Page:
Girls on the Run of Coastal Georgia is gearing up for 2018, which will include the program’s regular spring season and summer day camps.
Girls on the Run is a physical activity-based, youth development program that teaches key skills to girls in grades 3-8 through discussions and games that integrate running. Girls on the Run of Coastal Georgia has been serving Chatham, Bryan, Effingham and Liberty counties since 1996. The program started with 30 girls in four sites and now serves over 1,000 girls in 30 sites.
According to a Girls on the Run press release, research, program implementation and evaluation went into designing a program that addresses the challenges that girls typically encounter during adolescence.
The program has proven to be rewarding for girls, families, coaches and educators, according to Rebecca Mock, principal of Joseph Martin Elementary in Hinesville.
"We had 39 girls in the program in the fall, and we love the results we are seeing in our girls," she said. "We had a number of coaches from our teaching staff who got as much out of it as the girls. Feedback from parents has been great, and I would love to see more girls from Liberty County being served by this outstanding program."
One of Mock’s teachers who served as a coach is Sarah Trawick, who recieved the United Way volunteer of the year award.
"From a teacher’s perspective, I found the experience to be very rewarding," Trawick said. "Girls on the Run is not a graded activity, and so there is no pressure. Girls open up and are receptive to what is being offered. To me, the most important lesson is avoiding negative self-talk. The program teaches positivity in all interactions and gives the girls the tools to deal with negative emotions.
"We all deal with people who are not nice throughout our lives. Girls on the Run teaches how to be nice to yourself and to others, while still standing up for yourself. I can’t tell you how much I love this program. I recently had two fifth-graders tell me they used Girls on the Run lessons to manage difficult situations. I have seen how these girls take the lessons back home and to school."
Liberty County native Mea Wilson, parent of a 9-year-old in the Joseph Martin Elementary program, has a similar take.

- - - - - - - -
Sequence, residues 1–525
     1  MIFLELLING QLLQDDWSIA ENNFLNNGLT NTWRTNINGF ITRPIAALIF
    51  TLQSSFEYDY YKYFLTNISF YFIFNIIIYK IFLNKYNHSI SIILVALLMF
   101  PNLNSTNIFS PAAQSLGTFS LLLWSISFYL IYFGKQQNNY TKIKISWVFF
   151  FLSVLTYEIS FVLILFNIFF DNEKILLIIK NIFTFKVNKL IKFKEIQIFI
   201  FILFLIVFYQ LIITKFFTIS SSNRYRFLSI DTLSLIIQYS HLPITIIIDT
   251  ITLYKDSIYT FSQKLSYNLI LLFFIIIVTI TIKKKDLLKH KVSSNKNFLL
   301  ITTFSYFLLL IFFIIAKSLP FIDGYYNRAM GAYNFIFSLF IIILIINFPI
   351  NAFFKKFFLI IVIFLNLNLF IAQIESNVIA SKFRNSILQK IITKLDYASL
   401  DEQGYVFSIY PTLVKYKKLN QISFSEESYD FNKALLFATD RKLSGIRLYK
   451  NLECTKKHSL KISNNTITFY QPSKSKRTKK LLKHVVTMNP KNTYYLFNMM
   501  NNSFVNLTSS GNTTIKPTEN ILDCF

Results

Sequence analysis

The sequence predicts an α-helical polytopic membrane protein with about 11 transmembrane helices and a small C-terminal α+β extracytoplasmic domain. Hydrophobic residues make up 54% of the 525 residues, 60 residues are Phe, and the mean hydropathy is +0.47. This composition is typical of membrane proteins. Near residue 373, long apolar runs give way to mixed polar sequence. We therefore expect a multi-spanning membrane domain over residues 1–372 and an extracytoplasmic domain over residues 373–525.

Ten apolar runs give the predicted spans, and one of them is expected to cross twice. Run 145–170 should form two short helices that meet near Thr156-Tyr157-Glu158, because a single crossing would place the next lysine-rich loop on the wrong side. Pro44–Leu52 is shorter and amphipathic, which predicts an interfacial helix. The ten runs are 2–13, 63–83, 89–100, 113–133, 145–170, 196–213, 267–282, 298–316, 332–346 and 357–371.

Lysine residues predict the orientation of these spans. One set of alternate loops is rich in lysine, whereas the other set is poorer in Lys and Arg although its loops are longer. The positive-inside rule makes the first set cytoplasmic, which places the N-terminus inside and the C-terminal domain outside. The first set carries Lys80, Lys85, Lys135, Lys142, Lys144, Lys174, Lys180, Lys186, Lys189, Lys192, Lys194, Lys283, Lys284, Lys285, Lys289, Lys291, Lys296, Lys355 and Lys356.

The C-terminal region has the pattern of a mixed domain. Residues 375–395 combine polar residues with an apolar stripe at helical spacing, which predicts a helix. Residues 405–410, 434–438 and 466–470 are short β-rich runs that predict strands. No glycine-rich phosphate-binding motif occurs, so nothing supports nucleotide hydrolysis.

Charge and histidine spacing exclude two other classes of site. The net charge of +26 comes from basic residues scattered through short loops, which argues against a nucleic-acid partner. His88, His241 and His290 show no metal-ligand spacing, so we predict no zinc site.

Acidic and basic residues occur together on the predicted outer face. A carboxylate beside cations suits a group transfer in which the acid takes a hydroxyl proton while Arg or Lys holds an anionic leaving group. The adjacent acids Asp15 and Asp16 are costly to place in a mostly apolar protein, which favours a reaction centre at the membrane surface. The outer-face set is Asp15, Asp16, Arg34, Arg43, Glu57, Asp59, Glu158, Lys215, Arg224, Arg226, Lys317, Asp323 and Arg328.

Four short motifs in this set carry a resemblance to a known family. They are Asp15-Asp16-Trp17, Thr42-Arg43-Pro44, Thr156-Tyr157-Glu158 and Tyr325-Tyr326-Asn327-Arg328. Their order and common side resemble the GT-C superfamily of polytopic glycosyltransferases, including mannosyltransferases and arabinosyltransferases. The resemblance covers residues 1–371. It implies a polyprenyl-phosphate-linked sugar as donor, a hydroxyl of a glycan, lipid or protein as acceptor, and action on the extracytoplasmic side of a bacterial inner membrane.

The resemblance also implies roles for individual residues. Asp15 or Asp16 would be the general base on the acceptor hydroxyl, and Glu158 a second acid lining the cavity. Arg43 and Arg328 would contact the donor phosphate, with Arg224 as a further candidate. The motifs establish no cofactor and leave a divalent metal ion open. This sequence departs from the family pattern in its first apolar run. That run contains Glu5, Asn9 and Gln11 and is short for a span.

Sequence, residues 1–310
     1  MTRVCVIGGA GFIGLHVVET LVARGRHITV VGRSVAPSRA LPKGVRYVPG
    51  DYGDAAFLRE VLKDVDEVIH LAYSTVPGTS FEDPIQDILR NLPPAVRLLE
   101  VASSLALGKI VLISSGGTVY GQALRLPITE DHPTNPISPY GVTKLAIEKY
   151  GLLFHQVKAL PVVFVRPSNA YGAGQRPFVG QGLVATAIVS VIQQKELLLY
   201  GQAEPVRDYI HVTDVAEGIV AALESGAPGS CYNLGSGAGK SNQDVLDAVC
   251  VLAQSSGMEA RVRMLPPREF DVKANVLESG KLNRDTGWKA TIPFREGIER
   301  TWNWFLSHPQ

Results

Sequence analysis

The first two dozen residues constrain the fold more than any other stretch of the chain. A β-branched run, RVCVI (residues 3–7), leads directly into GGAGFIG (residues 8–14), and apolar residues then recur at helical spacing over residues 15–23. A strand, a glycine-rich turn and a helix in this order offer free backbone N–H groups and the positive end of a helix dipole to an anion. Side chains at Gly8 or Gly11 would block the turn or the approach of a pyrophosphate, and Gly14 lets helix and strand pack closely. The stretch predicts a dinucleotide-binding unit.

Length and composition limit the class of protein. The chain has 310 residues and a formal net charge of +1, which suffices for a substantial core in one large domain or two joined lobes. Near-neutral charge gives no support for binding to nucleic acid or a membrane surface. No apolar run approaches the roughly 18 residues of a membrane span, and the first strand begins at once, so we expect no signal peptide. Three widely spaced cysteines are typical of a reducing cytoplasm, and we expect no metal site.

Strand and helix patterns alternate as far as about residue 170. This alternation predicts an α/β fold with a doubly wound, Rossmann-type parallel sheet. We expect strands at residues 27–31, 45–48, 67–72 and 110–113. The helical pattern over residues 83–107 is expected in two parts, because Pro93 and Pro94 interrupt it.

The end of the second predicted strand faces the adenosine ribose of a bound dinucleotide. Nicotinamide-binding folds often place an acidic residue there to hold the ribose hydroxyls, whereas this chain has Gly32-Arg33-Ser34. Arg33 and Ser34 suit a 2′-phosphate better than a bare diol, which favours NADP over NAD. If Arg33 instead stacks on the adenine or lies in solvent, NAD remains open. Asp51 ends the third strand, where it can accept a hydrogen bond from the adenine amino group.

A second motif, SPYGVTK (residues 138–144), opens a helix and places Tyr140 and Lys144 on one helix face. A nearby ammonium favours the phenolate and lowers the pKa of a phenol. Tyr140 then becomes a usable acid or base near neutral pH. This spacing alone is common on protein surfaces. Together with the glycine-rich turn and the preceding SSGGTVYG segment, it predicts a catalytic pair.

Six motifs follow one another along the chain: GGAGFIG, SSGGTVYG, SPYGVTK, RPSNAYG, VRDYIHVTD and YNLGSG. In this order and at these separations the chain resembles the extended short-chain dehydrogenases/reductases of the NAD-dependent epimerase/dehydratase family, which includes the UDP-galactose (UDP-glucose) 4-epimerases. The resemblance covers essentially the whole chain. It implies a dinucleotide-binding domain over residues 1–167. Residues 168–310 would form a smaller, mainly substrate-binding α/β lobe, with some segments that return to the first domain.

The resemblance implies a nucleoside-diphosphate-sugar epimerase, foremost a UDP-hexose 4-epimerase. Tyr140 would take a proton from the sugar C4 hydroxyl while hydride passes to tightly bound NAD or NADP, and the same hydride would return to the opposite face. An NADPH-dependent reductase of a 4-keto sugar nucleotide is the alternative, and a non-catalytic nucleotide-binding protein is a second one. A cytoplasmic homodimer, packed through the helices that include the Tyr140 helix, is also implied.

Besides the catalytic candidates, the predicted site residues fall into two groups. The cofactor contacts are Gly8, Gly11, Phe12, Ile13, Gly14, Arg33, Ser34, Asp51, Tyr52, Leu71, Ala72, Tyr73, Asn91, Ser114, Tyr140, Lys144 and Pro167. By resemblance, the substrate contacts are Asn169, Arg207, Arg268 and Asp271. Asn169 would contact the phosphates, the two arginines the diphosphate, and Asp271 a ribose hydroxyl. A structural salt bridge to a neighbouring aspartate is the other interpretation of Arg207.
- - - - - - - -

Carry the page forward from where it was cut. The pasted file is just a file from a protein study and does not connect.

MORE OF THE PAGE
"My daughter, who has ADHD and low self-esteem, blossomed in Girls on the Run. She worked hard to keep up her grades so she could stay in the program," Wilson said. "It has turned her around academically and has given her the desire to be healthy and strong. She refers to her Girls on the Run team members as ‘sisters’ and the program has been a life-changer and motivator for my child and my family."
Girls on the Run has also expanded to include middle school girls through Heart and Soul, a program dedicated to the needs of adolescent girls. Heart and Soul creates a structured space for girls to learn about themselves, explore ideas, cultivate empathy, strengthen connections and develop life skills.
The program meets after school twice a week for 10 weeks, for a total of 30 hours of programming. The programs address bullying, gossiping, peer pressure, body image and negative media messages, among other challenges faced by girls. At the end of the session, the girls participate in a Girls on the Run 5K.
The cost of the 30-hour program is $175 and includes supplies and materials, snacks, medal and T-shirt. Girls on the Run will also provide 5K medals to siblings who run with participants.
Scholarships are available and no girl has ever been turned away, organizers said, estimating that 60 percent of participants are on financial aid. The scholarships are underwritten by individuals, businesses, organizations and grants. Shoes for girls who can’t afford them are provided by national Girls on the Run partner, Asics.
The spring 2018 program starts Feb. 5 and ends in early May. The 5K celebrating the end of the season will be April 28 on the campus of Savannah State University. Community runners can register for $25 by April 26 or $35 $35 the morning of the event.
"A core value of our organization is inclusion and access. We serve girls from all walks of life and from all socioeconomic backgrounds, shapes and sizes," said Maria Center, the newly-appointed executive director of Girls of the Run-Coastal Georgia. "When you are at the finish line, you will see kids from private schools and Title 1 schools. You will see urban kids, rural kids, kids using walkers. We celebrate diversity and what makes each child unique and special.
"It’s a moving experience to be at that finish line and to see the joy on each child’s face as they cross to be given their medal. And you also see pride in the faces of family members. I would encourage anyone who cares about developing leadership and character in girls to get involved with Girls on the Run, these kids are the future."
Girls on the Run of Coastal Georgia is currently accepting new sites to host teams for the spring season and provide program opportunities to more girls. Each site must have a volunteer site liaison, a safe space for physical activity and be able to provide both outdoor and indoor meeting locations. Both schools and non-school sites are encouraged to find out how to host Girls on the Run.
Girls on the Run will also offer week-long summer day camps, Camp GOTR: Girls Have Heart, for rising third- through fifth-graders. The five-day camps, is also looking for host sites. They run 8:30 a.m.-12:30 p.m. Monday-Friday. The fee is $100 and includes all materials and supplies, snacks and T-shirt. Financial aid is available.
For information on the season, day camp or on becoming a coach or volunteering, contact Center at email@example.com or 912-349-1528. Additional information can be found at www.girlsontherun-ga.org.